The art of transcription…

Transcribing music is hard. Much harder than you’d imagine, if you’re trying to get it ‘right’.

TAB taken from the internet is, always, as you’d imagine, total shite. Without exception. It’s a limitation of the form – TAB just doesn’t contain most of the information needed to read a piece of music properly. It can show you roughly where on the fingerboard you can put your fingers to get sounds similar to the ones on a CD, but unless you’ve also got the CD and good enough ears to correct the handiwork of some inbred 12 year old from the mountains of Montana, y’all aren’t going to get very close to sounding like the record, and what’s worse, you’re screwed should anyone ask to play along and want some clues as to the key, the notes involved or any other actual musical information about it.

Sadly books often aren’t that much better. I’ve got a Jaco Pastorius transcription book. It’s rubbish. Total balls. lots of it isn’t even close. A student of mine brought round a Muse transcription book today. more nonsense. The notes were roughly right, but the TAB given for the tune we were doing (Hysteria) was utter nonsense, and would result in it sounding not much like the original, if you care about the feel of the tune. It only took me 30 seconds to confirm via YouTube that the bassist from Muse did indeed play this the way I thought he did and not the way it’s tabbed in the book.

And all over the country kids are parting with their hard earned pocket money for this crap.

See, the problem is that even if you get the notes right, there’s an easy way to write most things and a hard way – another student of mine has got a couple of transcription books of Jamiroquai stuff. There don’t seem to be many actual ‘inaccuracies’ in the book – a few minor discrepancies, but nothing beyond a reasonable margin of error. However, the way the stuff is written out is way way way more complex than it has to be. Staccato quavers written as alternate semi-quaver notes and rests rather than staccato dots being added to the notes. Rhythmic groupings within syncopated bars that make it tricky to read. Too much nonsense generated by Sibelius or whatever score-writing package is being used.

Look, if you’re doing transcriptions, the art is to make it so that the reader can read the music, not just to be ‘right’ but to be ‘good’. It’s all well and good telling me that ‘that’s what he played’ but is it what he intended, is it how he thought about it. those semi-quaver rests aren’t rests at all, they’re just the gaps between staccato notes. A very different thing, and the quavers are MUCH easier to read and understand, and make it easier to see what kind of groove it is at a glance.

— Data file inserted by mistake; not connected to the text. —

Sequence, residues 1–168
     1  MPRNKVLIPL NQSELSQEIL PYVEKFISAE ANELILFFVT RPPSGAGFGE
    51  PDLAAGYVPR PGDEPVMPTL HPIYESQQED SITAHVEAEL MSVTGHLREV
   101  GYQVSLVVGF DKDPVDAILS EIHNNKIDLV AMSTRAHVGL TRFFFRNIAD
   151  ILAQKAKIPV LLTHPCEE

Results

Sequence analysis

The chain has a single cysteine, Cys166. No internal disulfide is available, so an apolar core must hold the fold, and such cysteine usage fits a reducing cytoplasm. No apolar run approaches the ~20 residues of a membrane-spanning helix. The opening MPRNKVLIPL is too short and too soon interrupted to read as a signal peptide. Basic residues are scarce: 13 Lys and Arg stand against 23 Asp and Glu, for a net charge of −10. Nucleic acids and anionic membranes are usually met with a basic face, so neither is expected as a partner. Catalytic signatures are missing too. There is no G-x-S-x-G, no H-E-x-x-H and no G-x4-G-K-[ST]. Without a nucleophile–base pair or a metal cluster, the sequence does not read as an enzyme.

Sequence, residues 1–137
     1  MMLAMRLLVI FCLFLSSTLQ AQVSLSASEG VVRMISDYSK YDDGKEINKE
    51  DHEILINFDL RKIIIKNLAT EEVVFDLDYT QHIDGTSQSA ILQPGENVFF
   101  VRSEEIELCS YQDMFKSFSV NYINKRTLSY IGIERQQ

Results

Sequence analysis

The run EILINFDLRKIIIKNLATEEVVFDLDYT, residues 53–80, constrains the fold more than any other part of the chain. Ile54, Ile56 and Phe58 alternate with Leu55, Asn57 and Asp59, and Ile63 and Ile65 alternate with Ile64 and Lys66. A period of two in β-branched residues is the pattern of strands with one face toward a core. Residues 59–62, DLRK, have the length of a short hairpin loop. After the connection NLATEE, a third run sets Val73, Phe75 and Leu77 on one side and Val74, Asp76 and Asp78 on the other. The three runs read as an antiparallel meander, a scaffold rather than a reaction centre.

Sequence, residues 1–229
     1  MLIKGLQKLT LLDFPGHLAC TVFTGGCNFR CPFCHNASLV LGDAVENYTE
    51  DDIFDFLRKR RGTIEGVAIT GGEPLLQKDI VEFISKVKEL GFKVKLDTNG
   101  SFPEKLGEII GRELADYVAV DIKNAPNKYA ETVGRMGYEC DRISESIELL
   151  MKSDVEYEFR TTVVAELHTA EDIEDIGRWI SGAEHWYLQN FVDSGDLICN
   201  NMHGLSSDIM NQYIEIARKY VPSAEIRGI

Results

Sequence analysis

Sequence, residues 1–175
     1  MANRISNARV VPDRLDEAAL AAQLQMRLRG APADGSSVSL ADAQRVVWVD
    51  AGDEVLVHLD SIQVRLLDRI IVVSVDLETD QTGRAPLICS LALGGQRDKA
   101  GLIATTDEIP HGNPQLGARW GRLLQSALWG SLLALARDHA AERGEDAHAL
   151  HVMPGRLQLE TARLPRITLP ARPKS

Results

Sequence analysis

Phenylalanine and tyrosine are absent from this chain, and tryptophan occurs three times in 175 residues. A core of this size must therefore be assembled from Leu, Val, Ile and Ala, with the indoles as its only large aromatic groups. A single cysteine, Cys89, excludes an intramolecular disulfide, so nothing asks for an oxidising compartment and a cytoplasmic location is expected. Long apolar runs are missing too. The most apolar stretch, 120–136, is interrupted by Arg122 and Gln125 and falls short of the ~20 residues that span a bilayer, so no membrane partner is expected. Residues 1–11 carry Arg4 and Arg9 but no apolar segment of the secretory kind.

It’s possible to over-transcribe too. when I was doing my transcription of Portrait Of Tracey for Total Guitar Magazine, I used a few different ones as source material. The one in the aforementioned Jaco book was nonsense, of course. The one in Bass Player magazine was so ‘right’ that is was impossible to interpret – bars of 11/4 and 13/8 where all that was happening was a ‘gap’ between the phrases. Was Jaco counting 11 beats, or whatever? Doesn’t sound like it to me. So put in one of those little hat things that mean ‘pause’ over the last note, and let people ‘feel’ the space and get on with actually playing music.

Transcribing should be totally accurate, but not pedantic. It’s a hard line to tread, and one where you have to keep in mind what is going to lead to the reader getting to the music accurately and painlessly? That’s why Sibelius or whatever is only ever as good as the person using it. It always needs correcting away from whatever it defaults to.

As a rule, Bass Player Magazine has the best transcriptions – they’re always worth a look, occasional attacks of gruesome pedantry notwithstanding. The ones in ‘Standing In The Shadows Of Motown’ are great too. fab stuff. Watch out for the dodgy ones, they’ll take you longer to suss out the lines on than it would to work it out from the CD…

2 Replies to “The art of transcription…”

  1. AAAAAAaaargh! You’ve just hit the “transcriptions” button for me. I get *SO* annoyed playing in church because 90% of the music is really HORRIBLY transcribed. I chatted to somebody from a publishing house about this and the problem is that Worship Leader A, let’s call him Tim, writes a tune on his guitar (chords and lyrics), sends a demo to publishing house who transcribe it. In the meantime Tim is playing his new song a fair amount and refining it. Since Tim can’t read music (“You don’t have to be able to read music” says Tim at a big Christian conference) he doesn’t check the transcription of the tune is correct, just the chords. Then Tim records his tune for a CD. Later he plays it at a conference. We now have at least 4 different ways of playing that song in church: 1/ What’s written; 2/ What’s played on the CD; 3/ What was heard at the conference; 4/ The way the congregation sing it.

    It drives me MENTAL!!! I guess one answer is never to buy transcription books or at least not to treat them as “gospel” truth of how to play anything.


  2. the other answer is to avoid songs by people called Tim…

    The promotion of musical illiteracy is such a pain – it’s not that there aren’t great musicians that don’t read music, it’s just that even they can’t explain properly what they are doing, and so are stunted in their interaction with other musicians. If you build into your musical life a safety-net, whereby you avoid such encounters, of course you’re going to swan through life thinking that any musician can get by without reading music. However, for the rest of us, it doesn’t work like that.

    And FFS, it doesn’t take long to learn to read music – it’s only a graph after all!

Comments are closed.

© 2008 Steve Lawson and developed by Pretentia. | login